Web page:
I’m currently reading what is classified by the publisher as a YA (young adult) novel. I’ve read other things about it that said it is an adult novel for young adults. I find these descriptors less than satisfying. I tend to avoid things classified as YA mostly because I’ve also been lead to believe that those books will contain glittery vampires and the like. I know I am painting in broad strokes but I hope you get my meaning.
The same that goes for classifying novels as sci-fi, romance, fantasy, literary fiction (which can probably encompass a whole different set of genres), mystery, horror, etc. You get the point. We are inundated with these identifying tags so everything can have its place. I don’t remember a time that literature wasn’t classified this way but I’m also sure that this wasn’t always the case.
John Updike said in an interview (that I’ll paraphrase here) that when he set out to write it was to do just that – write. During the course of his career he came to be classified into the literary fiction sub-genre. He disagreed with this classification, or rather argued against the use of it, on the grounds that his writing was literary just because “they are written in words”.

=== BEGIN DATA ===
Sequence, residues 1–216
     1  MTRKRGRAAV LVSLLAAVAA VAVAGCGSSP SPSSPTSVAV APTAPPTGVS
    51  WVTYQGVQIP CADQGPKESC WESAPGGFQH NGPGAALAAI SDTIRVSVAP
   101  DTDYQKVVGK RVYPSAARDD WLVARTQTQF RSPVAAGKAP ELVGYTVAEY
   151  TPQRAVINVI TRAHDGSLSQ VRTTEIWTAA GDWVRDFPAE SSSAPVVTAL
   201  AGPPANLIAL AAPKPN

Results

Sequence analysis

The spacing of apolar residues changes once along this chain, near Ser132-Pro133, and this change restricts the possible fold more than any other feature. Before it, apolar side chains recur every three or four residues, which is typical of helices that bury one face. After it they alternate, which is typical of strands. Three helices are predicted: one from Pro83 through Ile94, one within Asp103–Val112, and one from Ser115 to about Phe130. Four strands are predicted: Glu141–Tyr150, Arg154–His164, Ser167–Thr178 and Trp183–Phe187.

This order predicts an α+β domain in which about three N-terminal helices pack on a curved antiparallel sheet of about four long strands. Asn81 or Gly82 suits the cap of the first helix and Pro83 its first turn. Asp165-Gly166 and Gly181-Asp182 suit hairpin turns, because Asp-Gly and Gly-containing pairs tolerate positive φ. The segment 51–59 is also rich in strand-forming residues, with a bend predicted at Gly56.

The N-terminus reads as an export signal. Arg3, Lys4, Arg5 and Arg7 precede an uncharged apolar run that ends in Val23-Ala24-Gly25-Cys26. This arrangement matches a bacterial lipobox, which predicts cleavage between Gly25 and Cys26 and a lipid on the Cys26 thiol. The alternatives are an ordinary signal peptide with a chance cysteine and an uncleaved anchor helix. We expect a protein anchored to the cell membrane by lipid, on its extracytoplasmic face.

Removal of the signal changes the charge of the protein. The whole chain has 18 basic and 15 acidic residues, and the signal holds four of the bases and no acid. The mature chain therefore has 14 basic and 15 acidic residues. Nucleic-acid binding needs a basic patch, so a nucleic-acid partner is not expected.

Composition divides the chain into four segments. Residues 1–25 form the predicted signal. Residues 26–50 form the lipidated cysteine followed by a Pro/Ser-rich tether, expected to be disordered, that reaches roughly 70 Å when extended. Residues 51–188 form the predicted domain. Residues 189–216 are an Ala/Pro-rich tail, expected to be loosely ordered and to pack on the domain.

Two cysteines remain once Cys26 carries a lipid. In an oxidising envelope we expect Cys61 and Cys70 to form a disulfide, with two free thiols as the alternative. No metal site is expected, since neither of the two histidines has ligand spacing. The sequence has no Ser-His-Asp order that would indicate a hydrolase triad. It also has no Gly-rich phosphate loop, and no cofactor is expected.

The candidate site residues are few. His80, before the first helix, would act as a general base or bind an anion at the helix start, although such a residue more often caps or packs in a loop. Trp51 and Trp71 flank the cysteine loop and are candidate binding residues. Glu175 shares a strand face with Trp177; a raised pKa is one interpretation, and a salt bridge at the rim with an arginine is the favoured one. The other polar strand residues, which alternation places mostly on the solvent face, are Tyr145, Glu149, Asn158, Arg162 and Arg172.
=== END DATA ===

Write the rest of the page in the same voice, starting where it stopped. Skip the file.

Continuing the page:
This whole argument is nothing more than a vehicle for the one point that I have: I wouldn’t have read the book I’m reading now if I knew it was classified as a YA book. The only thing that makes that classification is what? That it is easy to read? I suppose but another thing that I associate with YA is the generally poorly and almost laughable way in which things can be written. But this book is not that. It isn’t the greatest thing ever written but it is highly enjoyable. It tells a great story.
And maybe way back when The Catcher in the Rye could have been classified as a YA book. Perhaps. Who knows? Maybe, because it has different levels and has something bigger to say, it could be classified as literary fiction. But instead it is classified as a whole different genre: One of the great American Novels.
In the end your genre will define you and the audience you will or won’t reach.